One Ring

An homage to QQL's nuclear element, the ring

It's just One Ring. There isn't much to it, or is there? How much variety can we find with a simple rotating ring that's formed by even bands of circles? To what extent can varying tone and hue dialogue between each other to create harmonious and unique compositions? With curators given creative leeway to generate their own ring, what emergence will such a simple algorithm provide?

In One Ring, it's up to you to decide what shape the collection takes. Through an exercise of color balance, you are prompted to explore gradients through single or multiple outputs. You may look for rings that take a harmonious path through hue or tone. You may look for seeds where ring and background contrast nicely. Or maybe, you will discover something else altogether. The ring is yours.

Magenta, Bright, Monochrome

An homage to QQL

After curating Tyler Hobbs & Indigo's QQL artwork extensively through Year 1 (6 minted QQLs, hundreds of hours spent in the algorithm & millions of outputs generated), for Year 2 of QQL I've been exploring a different QQL concept each month. During November, I focused on "studying" single rings. And that's where a generative artwork, One Ring, was born. It's my rendition to the QQL algorithm and its nuclear element, the simple yet complex ring.

By focusing on just one of the multiple compositional elements present within a QQL, and by generating a sufficiently interesting and complex system, I want to highlight the reason why myself and others have spent countless hours rendering and curating new iterations of the algorithm. To highlight why just a small portion of this complex algorithm is already vast enough on its own, and the full emergence of QQL is forever unattainable.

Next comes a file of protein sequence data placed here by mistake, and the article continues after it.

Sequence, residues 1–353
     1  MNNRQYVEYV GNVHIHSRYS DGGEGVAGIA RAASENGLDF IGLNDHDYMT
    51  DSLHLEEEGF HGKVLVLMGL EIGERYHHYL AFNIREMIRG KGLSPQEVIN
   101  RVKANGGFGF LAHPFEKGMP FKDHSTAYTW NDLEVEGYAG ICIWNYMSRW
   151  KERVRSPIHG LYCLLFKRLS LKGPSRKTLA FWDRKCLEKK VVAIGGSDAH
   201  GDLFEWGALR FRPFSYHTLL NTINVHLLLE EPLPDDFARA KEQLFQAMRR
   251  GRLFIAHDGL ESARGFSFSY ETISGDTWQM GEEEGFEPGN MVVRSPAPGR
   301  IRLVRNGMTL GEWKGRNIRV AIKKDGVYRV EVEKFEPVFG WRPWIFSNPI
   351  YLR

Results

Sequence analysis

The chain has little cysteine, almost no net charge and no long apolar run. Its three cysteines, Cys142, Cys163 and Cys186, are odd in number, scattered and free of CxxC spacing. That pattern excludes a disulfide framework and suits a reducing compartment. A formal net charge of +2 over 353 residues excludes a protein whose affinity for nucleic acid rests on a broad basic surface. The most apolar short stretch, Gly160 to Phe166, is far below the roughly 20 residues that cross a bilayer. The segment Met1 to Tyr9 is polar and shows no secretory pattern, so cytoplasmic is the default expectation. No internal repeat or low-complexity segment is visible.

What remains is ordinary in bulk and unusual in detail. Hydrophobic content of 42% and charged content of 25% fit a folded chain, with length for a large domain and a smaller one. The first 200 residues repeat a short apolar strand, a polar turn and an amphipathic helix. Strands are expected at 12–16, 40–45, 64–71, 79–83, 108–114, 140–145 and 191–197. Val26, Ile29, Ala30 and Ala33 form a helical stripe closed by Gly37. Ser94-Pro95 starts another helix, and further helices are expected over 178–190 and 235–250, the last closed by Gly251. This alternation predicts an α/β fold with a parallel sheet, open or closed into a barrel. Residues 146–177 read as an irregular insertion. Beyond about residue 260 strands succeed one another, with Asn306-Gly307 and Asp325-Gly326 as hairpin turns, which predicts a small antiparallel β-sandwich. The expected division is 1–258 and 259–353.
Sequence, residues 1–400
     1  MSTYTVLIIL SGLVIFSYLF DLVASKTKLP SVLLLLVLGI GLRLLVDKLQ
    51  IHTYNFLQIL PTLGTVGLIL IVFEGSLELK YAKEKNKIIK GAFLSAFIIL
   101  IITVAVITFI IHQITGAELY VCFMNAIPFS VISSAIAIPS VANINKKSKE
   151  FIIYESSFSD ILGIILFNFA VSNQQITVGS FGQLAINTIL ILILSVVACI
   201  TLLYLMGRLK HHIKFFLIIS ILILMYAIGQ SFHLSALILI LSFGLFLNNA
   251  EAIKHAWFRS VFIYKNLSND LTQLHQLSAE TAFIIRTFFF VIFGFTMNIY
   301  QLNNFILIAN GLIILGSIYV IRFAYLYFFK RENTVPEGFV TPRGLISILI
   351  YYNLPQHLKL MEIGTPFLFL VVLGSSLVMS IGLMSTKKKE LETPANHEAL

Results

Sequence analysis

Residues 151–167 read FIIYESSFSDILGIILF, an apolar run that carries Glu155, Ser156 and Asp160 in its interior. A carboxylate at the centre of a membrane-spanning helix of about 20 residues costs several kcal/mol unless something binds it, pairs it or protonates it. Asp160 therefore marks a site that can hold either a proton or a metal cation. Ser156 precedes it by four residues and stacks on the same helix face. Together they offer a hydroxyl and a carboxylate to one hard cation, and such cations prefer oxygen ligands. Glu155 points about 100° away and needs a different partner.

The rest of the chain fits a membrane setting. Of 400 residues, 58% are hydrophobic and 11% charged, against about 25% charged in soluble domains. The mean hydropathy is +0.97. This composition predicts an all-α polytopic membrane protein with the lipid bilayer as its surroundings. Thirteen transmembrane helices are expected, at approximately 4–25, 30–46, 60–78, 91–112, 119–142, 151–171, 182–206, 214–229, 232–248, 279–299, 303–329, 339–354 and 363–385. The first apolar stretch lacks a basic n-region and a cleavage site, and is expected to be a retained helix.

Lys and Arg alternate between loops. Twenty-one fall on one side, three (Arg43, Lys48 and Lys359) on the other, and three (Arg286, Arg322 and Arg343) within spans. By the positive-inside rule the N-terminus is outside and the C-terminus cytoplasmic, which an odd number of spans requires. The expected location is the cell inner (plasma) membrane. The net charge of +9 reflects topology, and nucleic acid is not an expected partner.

A QQL "One Ring" seed

In One Ring, I decided to show the spectator a close up of a makeshift ring. You will never see "unfinished" rings like these in QQL unless you crop your render. Color range in QQL is extensive, much more than in most generative artworks. While you will find even more colors in One Ring, you won't be able to match these colors to those of QQL.

QQL #277 and a focus on its largest ring

Although conceptually born from QQL, One Ring is its own (much simpler) algorithm. Code is all original, written in JavaScript and p5.js and with a different element construction. While One Ring is made of a series of almost-concentrical circles, when we expand on an original QQL we can see that there, rings are actually made of polygons of size-depending sides.

Close up on smaller ring within QQL #277

That said, in One Ring, although subtracted enough from QQL that it has its own singular life, the characteristic components found in singular QQL rings can still be found, namely ring formations in simple, stacked and zebra; as well as ring subdivision in bands or changing ring thickness.

Make-your-own ring(s)

Upon reaching the One Ring collection page, you will be presented with 3 different traits to filter from. 480 different trait combinations that hide "infinite" more subtle possibilities.

You are given the choice to select from 1 of 12 evenly-spaced hues and 8 tones that will define a color for the foreground ring. Then, you can also pick color harmony for background and accent rings, if any, and how those may combine with the main ring.

Blue, Dark, Analog

Now it's the time to press Randomize Seed to start generating seeds with the selected traits until you find a seed you enjoy. While you may keep your mint forever, because burning is just one click away, you can always speed-run curation, go a bit trigger-happy with what you mint, enjoy it for some time, to then burn and mint a new one.